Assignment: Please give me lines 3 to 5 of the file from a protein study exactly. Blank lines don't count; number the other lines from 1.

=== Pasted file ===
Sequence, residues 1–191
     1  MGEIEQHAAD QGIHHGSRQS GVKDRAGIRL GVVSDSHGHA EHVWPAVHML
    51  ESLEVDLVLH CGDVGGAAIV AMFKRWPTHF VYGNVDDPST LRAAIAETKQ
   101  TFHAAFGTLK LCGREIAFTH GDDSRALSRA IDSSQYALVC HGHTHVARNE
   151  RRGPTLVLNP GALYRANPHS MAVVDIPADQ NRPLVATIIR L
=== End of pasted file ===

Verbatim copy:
    51  ESLEVDLVLH CGDVGGAAIV AMFKRWPTHF VYGNVDDPST LRAAIAETKQ
   101  TFHAAFGTLK LCGREIAFTH GDDSRALSRA IDSSQYALVC HGHTHVARNE
   151  RRGPTLVLNP GALYRANPHS MAVVDIPADQ NRPLVATIIR L